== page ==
There are three ways compromise between two opposing ideologies can play out: Best of both worlds, some good and some bad, and worst of both worlds. Everyone I know is either in the second or third camp. If it’s the worst of both worlds, it’s automatically better to do nothing. But even if it’s “some good and some bad” we need to analyze if the bad we’re doing so vastly outweighs the good that it’s still better doing absolutely nothing.

    This could easily be one of the worst plans we’ve ever had as a state, for a variety of reasons. Building more rural/exurban lanes and roads to subsidize sprawling and financially insolvent land uses (instead, we should be telling townships to revert some roads to gravel)…. and then building un-urban LRT lines (like SWLRT and Bottineau) that basically legitimize a growth pattern and a land use that mercilessly throws us towards public and private insolvency, destroys the environment, and creates awful unhealthy geographies of nowhere. I’m concerned about this plan, to put it mildly.

    As Cap’n Transit of New York puts it, are we “winning by default, or losing by a landslide?”

  3. Alex

    The problem with the pragmatism argument is that it seems likely that Dayton and Thissen are still not on board with MoveMN. So who is it compromising with, the ones who oppose it or the ones who won’t support it? If your goal is to get money for transit, and throwing gobs of money at highways didn’t work last session, what makes you think that throwing even more gobs of money at highways will work this session? As a political sage once said, “Fool me once, shame on you; fool me twice, you can’t get fooled again!”

    This is speculative and ad hominem, but I can’t help thinking that schemes like this are the brainchild of idealists who go out to the coasts and get some diploma from some school covered in ivy and drink in a bar in Georgetown with people who raise their voices and come back here and pretend all Americans are the same. Minnesotans inherently distrust grandiose plans. Transit would be far better off if the legislature created a small, quiet capital funding program like Corridors of Commerce, or even better, the bridge maintenance fund, but for transit. It would have enough money to build an aBRT line or a one station LRT extension per year (or a suburban park-and-ride, theorically), but not enough money that it would catch the Republicans’ eye.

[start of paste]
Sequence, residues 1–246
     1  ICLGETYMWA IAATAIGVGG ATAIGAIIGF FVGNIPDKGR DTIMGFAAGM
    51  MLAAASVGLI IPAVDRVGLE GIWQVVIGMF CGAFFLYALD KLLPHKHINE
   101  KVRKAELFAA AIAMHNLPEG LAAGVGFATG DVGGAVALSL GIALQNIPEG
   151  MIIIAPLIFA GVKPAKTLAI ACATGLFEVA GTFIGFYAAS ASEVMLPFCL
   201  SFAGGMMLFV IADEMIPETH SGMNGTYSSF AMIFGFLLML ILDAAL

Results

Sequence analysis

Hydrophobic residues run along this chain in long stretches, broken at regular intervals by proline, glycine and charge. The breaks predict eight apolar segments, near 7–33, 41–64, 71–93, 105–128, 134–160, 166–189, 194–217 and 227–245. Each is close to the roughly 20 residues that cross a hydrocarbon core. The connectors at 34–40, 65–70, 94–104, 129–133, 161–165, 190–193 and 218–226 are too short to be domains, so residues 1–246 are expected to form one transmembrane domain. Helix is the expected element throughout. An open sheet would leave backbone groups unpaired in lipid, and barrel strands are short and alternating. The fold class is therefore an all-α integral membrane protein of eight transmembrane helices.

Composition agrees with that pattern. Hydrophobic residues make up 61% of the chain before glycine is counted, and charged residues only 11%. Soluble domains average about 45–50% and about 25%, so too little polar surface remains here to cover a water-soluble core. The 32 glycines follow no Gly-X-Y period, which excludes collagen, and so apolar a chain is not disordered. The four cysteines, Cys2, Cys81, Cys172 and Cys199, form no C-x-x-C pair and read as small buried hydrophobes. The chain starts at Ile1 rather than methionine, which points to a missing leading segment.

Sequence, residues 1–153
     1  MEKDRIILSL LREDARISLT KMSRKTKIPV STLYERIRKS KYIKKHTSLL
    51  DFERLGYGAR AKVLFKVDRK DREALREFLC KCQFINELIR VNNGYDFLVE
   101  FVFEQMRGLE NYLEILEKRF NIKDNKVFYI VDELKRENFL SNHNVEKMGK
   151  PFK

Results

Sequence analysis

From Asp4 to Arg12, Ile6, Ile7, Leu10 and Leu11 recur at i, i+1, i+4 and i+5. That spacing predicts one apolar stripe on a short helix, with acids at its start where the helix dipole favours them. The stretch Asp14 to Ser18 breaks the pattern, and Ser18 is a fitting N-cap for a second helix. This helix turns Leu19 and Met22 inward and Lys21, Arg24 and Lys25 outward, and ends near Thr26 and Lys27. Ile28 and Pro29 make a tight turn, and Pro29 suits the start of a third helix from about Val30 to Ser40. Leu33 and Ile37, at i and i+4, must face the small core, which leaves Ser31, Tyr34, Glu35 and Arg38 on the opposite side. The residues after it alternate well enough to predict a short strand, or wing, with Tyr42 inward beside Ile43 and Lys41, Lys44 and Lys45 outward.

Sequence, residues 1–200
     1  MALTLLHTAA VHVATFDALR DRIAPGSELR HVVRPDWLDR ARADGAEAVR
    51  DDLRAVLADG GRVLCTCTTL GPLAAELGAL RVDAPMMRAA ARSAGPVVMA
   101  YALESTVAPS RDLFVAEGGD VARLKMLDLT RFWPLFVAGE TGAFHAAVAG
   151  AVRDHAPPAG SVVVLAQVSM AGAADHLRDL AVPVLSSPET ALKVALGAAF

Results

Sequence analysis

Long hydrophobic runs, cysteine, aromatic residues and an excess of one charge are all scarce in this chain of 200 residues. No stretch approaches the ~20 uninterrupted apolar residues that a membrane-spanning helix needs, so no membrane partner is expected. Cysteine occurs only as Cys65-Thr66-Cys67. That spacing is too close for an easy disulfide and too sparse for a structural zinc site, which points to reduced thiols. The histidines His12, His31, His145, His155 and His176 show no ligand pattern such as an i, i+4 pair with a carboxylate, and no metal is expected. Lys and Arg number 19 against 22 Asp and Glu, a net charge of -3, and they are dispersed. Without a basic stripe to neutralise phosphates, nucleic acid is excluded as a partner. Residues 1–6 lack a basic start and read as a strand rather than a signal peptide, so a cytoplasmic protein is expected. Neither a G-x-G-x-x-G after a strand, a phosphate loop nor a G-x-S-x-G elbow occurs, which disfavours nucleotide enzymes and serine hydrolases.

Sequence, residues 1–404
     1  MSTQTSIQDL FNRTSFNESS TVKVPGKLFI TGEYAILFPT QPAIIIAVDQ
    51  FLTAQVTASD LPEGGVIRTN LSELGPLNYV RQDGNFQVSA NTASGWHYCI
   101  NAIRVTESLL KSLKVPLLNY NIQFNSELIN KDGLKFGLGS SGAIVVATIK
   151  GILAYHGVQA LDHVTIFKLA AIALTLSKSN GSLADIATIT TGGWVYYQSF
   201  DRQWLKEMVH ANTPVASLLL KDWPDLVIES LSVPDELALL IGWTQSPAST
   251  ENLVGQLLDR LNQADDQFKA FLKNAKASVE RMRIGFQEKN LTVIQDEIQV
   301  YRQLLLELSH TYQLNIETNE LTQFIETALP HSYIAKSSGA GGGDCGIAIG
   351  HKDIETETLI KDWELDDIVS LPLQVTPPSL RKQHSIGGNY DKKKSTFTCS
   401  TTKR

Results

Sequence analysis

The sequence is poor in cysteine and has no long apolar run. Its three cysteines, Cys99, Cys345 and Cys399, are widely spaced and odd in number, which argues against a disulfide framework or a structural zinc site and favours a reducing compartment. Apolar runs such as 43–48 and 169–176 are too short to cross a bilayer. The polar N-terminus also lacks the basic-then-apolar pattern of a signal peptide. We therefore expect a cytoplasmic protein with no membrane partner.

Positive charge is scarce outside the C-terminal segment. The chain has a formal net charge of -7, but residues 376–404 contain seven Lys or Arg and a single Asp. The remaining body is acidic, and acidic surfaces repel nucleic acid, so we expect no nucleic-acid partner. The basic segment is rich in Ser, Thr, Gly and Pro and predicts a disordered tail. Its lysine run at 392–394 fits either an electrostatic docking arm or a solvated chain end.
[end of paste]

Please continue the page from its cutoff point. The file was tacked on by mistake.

1. Matt Brillhart

      Your last two sentences contain a really good idea.

      I’ve long been frustrated that we only seem to be able to build LRT in billion dollar megaprojects, when it would be so much more useful/beneficial to the actual users to extend them incrementally over time, even if that isn’t exactly compatible with FTA funding schemes. Unfortunately, politicians only want to be photographed holding golden shovels, not brooms or hammers (i.e. regular maintenance).

      I have been toying with the idea of suggesting to our local elected officials that extending the Blue Line LRT to Penn Avenue in the short term would be the greatest thing the City/County could do to spur growth in that part of north Minneapolis (rather than making the northside wait 10+ years for the whole Bottineau to Brooklyn Park cornfields project to possibly happen, possibly fall apart). I’m gonna do a post on that soon. It sure would be a better use of funds than another distant park & ride.

      1. Matt SteeleMatt Steele

        I echo how awesome of an idea this is. What would it look like in legislation? Not sure a 7-county taxing district would work, politically. But I’d like to figure out how it could look.

  4. John Bailey

    As a Hamline Midway St. Paul resident who is going to use the heck out of the Green Line and the A Line, I sympathize greatly with wanting more urban transit service for the core neighborhoods. And believe me, there are some lines on that map that I look at and really scratch my head. But we will not be able to make the transit investments we need without the political support of suburban jurisdictions that comes from building a regional system. If we were like other states where cities and regions can make taxing decision on their own then maybe, maybe, you could see a situation where MPLS and StP just taxed themselves for more urban transit service. Far left utopias like Texas allow Dallas to do this for instance. But the MN leg would never go for that.